LOGOcity2The beginnings of a city skyline which could be saved as a screen

Using Terrapin LOGO it’s possible to draw complicated graphics screens with the turtle, then save the screens as files which you could use as backdrops for games or applications, although this facility isn’t available in various other versions of LOGO released at about the same time. It’s much easier than calculating in BASIC where you want everything to be drawn.

As for me in 1984, I ended up just going home with my copy of Turbo BASIC, but never managed to do much with it. I only remember splitting the screen into text and graphics windows, as well as drawing some filled squares. “Is that all? We thought we were gonna SEE something!”, my Dad said. I replied “Don’t you realise how difficult (more like impossible) it would be for me to do that without this software?!”

Unfortunately, although LOGO is similar in different versions, whether on the same computer, or different computers, not all the Primitives are the same. Some problems which can come up include whether or not you can or must use short forms such as FORWARD or just FD, RIGHT or just RT, READCHARACTER or just RC, as well as other Primitives checking for a condition such as “EMPTY?” or EMPTYP , “MEMBER?” or MEMBERP. AFAIK the Primitive TELL doesn’t even exist on all versions of LOGO. Digital Research LOGO has these differences from Terrapin LOGO, as well as adding the primitives NODES to check how much RAM is free and RECYCLE to free up the RAM, but unfortunately it seems that DR never took LOGO that seriously and I read that they were amazed when anyone wrote a program long enough to find a bug.

Recently, I did a search on the Internet to find out more about Terrapin LOGO. I was very surprised to find out that the company is still in business and selling versions of LOGO for modern computers, such as the PC, Mac, and “classic Mac” !! I sent an email to find out the answer to the all important question is it possible to write programs in Terrapin LOGO which could be run by anyone, without the need to have a copy of Terrapin LOGO? The answer came back, that it IS possible, because Terrapin LOGO has a RUNTIME version which can be included along with any programs written under it to allow them to run without breaching Copyright! How amazing!! I think this means that people can forget about using C, BASIC, or even Assembly Language (which nowadays is totally discouraged) on PCs and Macs. LOGO is potentially capable of doing anything those languages can. If Terrapin LOGO can’t do everything for some reason, then at least it would make a good start to learn some really useful programming, before moving on to LISP or SCHEME, the latest language in that family. I read that LISP can be used to create whole operating systems!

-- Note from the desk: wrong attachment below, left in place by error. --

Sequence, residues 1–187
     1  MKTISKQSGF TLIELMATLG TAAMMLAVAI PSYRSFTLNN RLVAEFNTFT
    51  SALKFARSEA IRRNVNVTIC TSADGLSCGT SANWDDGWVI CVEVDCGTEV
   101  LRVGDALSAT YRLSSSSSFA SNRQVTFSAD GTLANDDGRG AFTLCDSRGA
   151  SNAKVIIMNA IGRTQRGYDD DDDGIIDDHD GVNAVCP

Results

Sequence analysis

The Commodore 64 wasn’t a ground breaking computer, because it had hardware similar to other computers on the market at the same time, but no built in programming language that could easily control them. If Commodore had had the inspiration to produce the Commodore 64 with LOGO built in on ROM instead of the crappy Commodore BASIC V2, then it could have been a ground breaking computer. Of course, no computer was ever produced with LOGO built in, although early Atari computers were more flexible, with no language built in. Users could just remove their Atari BASIC cartridge and insert an Atari LOGO cartridge instead. Unfortunately, having LOGO built in to the C64 would have required at least a 16K ROM for a core LOGO (which could easily have loaded more procedures), like other computers had for their BASIC ROM (e.g. Sinclair, Tandy, Dragon), while MSX even had a 32K ROM, instead of the Commodore 64’s crappy 8K BASIC ROM, so this meant that for Jack Tramiel it was out of the question! It would have meant less profit for him, unless he was absolutely certain that it would result in more sales. To sum up “If someone sells a product against me, I want to wipe them out!” (Jack Tramiel). I once suggested to a magazine that a theoretical new computer should have LOGO with a compiler for extra speed built in and they agreed with me that it was a good idea.

I think that’s enough for the first part of this series about LOGO. In future instalments I plan to draw some detailed backdrops, as well as tutorial programs you can use to learn French, or any other spoken language. Obviously, TMR won’t be interested in this, because he has already confessed to spectacularly and deliberating failing a French exam, but I passed mine a year early!

You can find out more about Commodore LOGO for the C64 by clicking on the links below.


Posted January 10, 2014 by C64hater in Uncategorized